By David Shipley
As appeared on page B1
New Brunswick needs to work with the other provinces in Atlantic Canada to attract immigrants and it needs to do more to keep them here, says a new report. The Halifax-based Atlantic Institute for Market Studies focused on attracting Chinese entrepreneurs and investors to immigrate to the region.
“We need to spend a little bit more time, money and energy in this area,” said Charles Cirtwill, acting president of the think-tank.
Cirtwill said the Atlantic provinces should take a regional approach to marketing when it comes to immigration. New Brunswick, Nova Scotia, Prince edward Island and Newfoundland already co-operate when it comes to attracting foreign students to Atlantic universities.
Such students should be encouraged to stay and live in the region after their studies, said Cirtwill.
When it comes to attracting Chinese business immigrants, the Atlantic provinces need to improve their marketing materials, including websites, he said.
“If we’re going after Chinese immigrants we need several Chinese-language websites,” he said. “We also have to have people on the other end here that can answer the phones and speak those languages.”
“Quite a lot of our immigration marketing work is being done by people with foreign language skills and cultural experience, but we need to expand that exponentially.”
In addition to ramping up the recruiting of new immigrants, the Atlantic region also has to focus on retention, Cirtwill said.
“We need to be a little bit more welcoming to immigrants when we get here,” he said.
Such support includes efforts to recognize foreign professional credentials, English language training and professional networking opportunities.
Efforts in New Brunswick such as the establishment of a Chinese village in Moncton and a Chinese welcoming centre in Saint John “are exactly what we should be doing,” said Cirtwill.
Mike Tilley, president of CanLink Global, a Saint John-based international trade firm specializing in China, said a common Atlantic immigration marketing effort in China makes sense.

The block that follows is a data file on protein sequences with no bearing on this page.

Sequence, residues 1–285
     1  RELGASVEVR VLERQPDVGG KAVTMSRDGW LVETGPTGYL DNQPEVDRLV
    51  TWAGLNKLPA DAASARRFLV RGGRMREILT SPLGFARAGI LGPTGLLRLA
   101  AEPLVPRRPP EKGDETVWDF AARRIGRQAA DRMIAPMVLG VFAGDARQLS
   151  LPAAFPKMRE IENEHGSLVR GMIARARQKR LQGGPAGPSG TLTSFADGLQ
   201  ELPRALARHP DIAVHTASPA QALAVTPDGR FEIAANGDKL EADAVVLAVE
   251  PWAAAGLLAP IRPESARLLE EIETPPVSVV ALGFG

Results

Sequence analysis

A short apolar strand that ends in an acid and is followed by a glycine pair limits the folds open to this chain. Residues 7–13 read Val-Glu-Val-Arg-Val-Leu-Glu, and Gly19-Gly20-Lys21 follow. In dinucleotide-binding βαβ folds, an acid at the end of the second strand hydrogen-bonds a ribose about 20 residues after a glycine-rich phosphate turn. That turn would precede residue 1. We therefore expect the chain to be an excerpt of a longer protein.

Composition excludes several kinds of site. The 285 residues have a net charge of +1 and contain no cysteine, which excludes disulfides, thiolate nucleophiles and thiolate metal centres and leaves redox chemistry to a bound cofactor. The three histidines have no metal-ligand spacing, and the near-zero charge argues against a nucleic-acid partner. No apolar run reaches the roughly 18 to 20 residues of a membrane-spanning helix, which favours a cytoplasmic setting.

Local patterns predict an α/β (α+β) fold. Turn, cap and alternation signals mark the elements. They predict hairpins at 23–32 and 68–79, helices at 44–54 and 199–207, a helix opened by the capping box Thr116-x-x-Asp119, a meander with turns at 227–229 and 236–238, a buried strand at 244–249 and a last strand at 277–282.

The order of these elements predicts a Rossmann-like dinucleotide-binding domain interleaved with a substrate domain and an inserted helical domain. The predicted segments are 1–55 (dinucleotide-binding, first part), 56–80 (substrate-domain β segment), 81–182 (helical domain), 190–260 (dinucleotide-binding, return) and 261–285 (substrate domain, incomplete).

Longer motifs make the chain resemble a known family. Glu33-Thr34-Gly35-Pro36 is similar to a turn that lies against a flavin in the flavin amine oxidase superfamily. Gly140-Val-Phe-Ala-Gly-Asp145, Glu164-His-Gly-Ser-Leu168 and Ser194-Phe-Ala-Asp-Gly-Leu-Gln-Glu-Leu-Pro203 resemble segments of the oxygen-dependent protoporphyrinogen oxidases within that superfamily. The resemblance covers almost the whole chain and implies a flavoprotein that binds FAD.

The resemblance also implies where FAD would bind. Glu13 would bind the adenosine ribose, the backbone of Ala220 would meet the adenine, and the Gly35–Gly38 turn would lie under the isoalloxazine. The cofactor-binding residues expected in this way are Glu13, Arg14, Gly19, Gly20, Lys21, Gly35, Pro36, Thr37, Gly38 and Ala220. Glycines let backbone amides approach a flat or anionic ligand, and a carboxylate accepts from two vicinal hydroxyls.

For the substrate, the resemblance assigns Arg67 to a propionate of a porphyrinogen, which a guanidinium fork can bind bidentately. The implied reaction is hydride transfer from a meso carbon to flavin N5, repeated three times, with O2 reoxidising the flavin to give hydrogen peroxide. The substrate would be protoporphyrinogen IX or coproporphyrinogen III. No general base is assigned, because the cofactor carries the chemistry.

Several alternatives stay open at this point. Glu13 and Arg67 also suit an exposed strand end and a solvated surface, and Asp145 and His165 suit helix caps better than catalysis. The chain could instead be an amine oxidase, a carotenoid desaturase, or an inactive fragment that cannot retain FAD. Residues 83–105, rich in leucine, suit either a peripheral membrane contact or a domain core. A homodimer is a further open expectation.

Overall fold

“I think the Atlantic provinces should work together. We are unknown to many potential Chinese immigrants. They do know Toronto, Montreal and Vancouver,” he said.
“Those that do come over, that we’re involved with, really seem to appreciate the wide open spaces, the clean air, the countryside,” said Tilley.
“They like the possibilities here for their children.”
At a minimum, New Brunswick should consider a province-wide marketing strategy, he said.
As it stands, individual cities such as Moncton and Saint John have been working separately to attract businesses and immigrants from China.
Greg Byrne, minister responsible for New Brunswick’s Immigration and Repatriation Secretariat, said he’s keen on working with the other provinces to attract more immigrants to the region.
“I think that in the Atlantic region that rather than see each other as competitors we should recognize there are opportunities if we work together,” he said.
“I think it’s important for us to have a united front in dealing with the concerns that are unique to Atlantic Canada.”
Byrne said the province is in the process of ramping up its efforts to retain immigrants.
“Settlement services can be everything from language training to basic assistance in integrating an immigrant into the community.”
Such services may also include helping new immigrants find a family doctor or helping them register their children for school.
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